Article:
These days, depending upon how you count them, there are more than 300 North American comic book companies. When 1First Comics started forty years ago there were only two other comic book publishers, MARVEL and DC, and their bread and butter was lmost exclusively super-heroes. So with a clear field, 1First Comics chose to cede super-heroes to the two big boys (honestly, what could you come up with that was better than theirs?). And so 1First published everything else: fantasy, thriller, kids, comedy, amily, horror, sci-fi –- anything genre that looked great and did not look like what they were doing. Charlton had just bit the dust and was conducting a fire sale; that’s how we got E-MAN for us and JOHNNY DYNAMITE for our long-time friend, the brilliant riter Max Allan Collins. Two of the then fourteen (!) distributors had also started their own imprints – Capital and Pacific – but the retail stores, the distributors’ customers, were so vocal that this was a “conflict of interest” that neither imprint lasted six months, nd again, we were there to help pick up the pieces (BADGER and NEXUS from Capital, STARSLAYER from Pacific). (Yes, ARCHIE and DELL were there too, but we never saw them as comic book publishers, more as cottage industries, because with the are exceptions ARCHIE published… well… only Archie and DELL published licensed characters, principally from Disney.)
And now it’s forty years since we created the corporation and started putting everything together, and 2023 will be our Fortieth Anniversary of having begun publishing. Which makes 1First Comics the longest standing independent comic book publisher in the estern Hemisphere, with new creators and new titles and new characters on the horizon, and home to more ongoing classic independent titles than anyone else, and more of them coming too. And in that time we’ve seen a lot of changes in the industry. Distribution, once handled by those fourteen companies, was cut down to two by the Perelman regime at Marvel in the late 1990’s, part of the reason Marvel had to go into bankruptcy, and when Marvel came out to land in the hands of what became the Ike erlmutter/Bill Jemas/Joe Quesada juggernaut, Steve Geppi’s Diamond Distribution was the last distributor standing. Then digital distribution became a thing and made even that monopoly a tenuous dinosaur. We’ve seen every stunt imaginable. Crossover events.” Variant covers, chromium covers, embossed covers, incentive covers… more gimmicks than you could shake a stick at came and went and came back again. Sure, they’re fun, but ultimately, they did as much to push the comics industry towards destruction as video games and cable TV did. When MARVEL’s top artists (Jim Lee, Marc Silvestri, Todd McFarlane et. al.) would add 500,000 in sales to a title’s monthly sales just by moving onto that book, feeding frenzied customers bought multiple copies of books, sometimes whole cases, convinced that the books would invariably have great value someday (and ignoring the fact that each title’s print run was close to 2,000,000). Instead of playing to those crowds we began a marketing campaign with the tag line Buy It to Read It. And we were right, as a few years later the speculation market on current titles crashed and burned.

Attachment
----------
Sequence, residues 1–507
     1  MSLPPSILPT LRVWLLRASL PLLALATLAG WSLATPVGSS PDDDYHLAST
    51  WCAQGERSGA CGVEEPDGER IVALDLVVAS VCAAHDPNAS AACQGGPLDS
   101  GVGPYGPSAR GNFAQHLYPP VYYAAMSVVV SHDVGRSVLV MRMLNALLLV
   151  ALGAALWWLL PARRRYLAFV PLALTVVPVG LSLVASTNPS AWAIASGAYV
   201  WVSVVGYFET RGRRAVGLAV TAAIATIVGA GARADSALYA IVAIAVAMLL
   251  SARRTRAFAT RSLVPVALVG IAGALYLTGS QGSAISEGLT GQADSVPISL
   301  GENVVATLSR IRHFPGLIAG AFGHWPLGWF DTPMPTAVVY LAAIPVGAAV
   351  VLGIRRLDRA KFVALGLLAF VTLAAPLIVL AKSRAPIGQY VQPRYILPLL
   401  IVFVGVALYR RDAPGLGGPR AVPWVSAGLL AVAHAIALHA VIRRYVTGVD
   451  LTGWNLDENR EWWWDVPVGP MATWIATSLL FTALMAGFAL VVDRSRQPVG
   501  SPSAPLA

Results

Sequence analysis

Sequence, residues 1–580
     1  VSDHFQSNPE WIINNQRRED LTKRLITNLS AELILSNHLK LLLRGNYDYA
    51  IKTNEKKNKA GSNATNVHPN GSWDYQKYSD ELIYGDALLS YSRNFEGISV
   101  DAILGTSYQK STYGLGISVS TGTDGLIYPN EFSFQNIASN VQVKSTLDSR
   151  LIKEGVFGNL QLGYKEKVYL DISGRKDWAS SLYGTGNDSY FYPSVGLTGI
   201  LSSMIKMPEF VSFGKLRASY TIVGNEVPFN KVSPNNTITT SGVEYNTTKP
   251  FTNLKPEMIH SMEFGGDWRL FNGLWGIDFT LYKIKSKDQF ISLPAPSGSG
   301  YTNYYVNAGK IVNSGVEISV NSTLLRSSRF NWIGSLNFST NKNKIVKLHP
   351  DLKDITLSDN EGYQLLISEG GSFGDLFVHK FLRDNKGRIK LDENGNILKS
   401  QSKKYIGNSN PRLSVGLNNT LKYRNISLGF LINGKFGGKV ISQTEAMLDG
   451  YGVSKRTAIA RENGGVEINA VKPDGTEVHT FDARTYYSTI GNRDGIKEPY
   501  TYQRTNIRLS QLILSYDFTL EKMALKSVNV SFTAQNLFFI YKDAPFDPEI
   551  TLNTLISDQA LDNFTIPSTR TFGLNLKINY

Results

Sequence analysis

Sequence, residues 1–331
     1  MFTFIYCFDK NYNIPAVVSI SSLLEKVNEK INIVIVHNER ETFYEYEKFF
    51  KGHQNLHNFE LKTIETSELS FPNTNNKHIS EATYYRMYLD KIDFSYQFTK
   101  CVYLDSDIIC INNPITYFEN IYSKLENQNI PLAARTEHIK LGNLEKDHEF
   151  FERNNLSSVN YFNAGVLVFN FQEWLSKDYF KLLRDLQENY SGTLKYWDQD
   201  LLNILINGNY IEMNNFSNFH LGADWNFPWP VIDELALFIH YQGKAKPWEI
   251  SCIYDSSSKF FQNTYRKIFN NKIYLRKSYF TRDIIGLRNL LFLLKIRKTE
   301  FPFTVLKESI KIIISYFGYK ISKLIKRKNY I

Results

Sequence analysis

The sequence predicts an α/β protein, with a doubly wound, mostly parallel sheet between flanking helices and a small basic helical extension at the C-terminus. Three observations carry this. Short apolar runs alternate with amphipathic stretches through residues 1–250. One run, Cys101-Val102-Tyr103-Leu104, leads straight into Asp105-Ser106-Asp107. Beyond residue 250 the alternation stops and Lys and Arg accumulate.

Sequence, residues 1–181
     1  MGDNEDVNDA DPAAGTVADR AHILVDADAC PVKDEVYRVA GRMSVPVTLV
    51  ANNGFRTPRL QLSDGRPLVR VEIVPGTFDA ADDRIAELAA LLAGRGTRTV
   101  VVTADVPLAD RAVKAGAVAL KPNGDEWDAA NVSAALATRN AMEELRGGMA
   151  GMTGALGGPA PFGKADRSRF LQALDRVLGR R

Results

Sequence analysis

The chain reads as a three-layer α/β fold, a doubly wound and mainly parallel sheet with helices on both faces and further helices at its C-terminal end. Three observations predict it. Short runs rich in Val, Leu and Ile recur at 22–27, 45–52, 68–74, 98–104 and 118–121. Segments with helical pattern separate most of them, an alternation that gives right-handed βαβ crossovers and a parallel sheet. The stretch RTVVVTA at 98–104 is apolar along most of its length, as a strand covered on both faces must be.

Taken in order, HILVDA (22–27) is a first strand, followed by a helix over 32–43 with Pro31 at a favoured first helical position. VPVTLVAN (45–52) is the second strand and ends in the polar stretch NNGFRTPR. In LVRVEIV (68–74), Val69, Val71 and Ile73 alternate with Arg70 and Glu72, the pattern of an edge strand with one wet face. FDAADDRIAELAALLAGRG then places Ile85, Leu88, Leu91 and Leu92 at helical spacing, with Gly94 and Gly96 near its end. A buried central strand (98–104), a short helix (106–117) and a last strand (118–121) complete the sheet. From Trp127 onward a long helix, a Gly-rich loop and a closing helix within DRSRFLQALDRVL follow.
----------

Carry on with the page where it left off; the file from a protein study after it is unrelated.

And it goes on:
Fads tend to do that.
Now before you accuse us of being dinosaurs ourselves, we know change is a constant. Today digital comics and 1 in 1000 variants are all the rage, but tomorrow it may be the return of 3D comics with those awesome red-and-blue cardboard glasses (we hope!) or stand-alone stories told in a pop-up format. We understand that.
Another thing we understand is that the industry can only trick the reader into buying a comic for so long before readers figure out that spending five, seven even ten dollars on a comic for an interesting cover with what turns out to be a lousy story, flat characters, a paper-thin plot and predictable dialogue inside is not in their financial interest, especially when video games, movies, television, and streaming are competing for those same entertainment dollars. (It’s not the economy, stupid, it’s the quality!) That’s why 1First Comics has always placed its emphasis on content. In addition to creators’ rights, 1First Comics believes strongly in offering stories that are fresh, new, and innovative. No one had adapted a stage play into a comic book before 1First did it with Peter B. Gillis’ adaptation of the Stuart Gordon and Lenny Kleinfeld play Warp! No one had seen anything like Howard Chaykin’s American Flagg! Or John Ostrander and Tim Truman’s GrimJack — before 1First Comics published both of them. Shatter by Peter Gillis and Mike Saenz broke new ground by being the first comic book with completely computer-generated art and lettering. And 1First Comics was the first to get an independent comic art property to television (“SABLE,” adapting Mike Grell’s Jon Sable Freelance, Rene Russo’s first professional acting role), and the first to bring faithfully translated manga to the U.S. with Lone Wolf and Cub.
Note that we don’t call ourselves 1First Comics for our groundbreaking ethos in dealing only in creator-owned titles or the fact that we were the first to do this or print that… we call ourselves 1First because on day one we put innovation first. We put the creator first. We put characters, stories, and creativity first. We put the retailers first. And we put you, the reader, first. We always have. Without you we wouldn’t be first, second, third, or fourth. We would be nothing. With you, however, the sky’s the limit! Thank you for being there with us, and we promise to keep it up – despite all of our successes, all of our innovations, all of our awards, all of our pride at introducing the world to hall of fame talents and titles, the best is yet to come.
Here’s to another great forty years!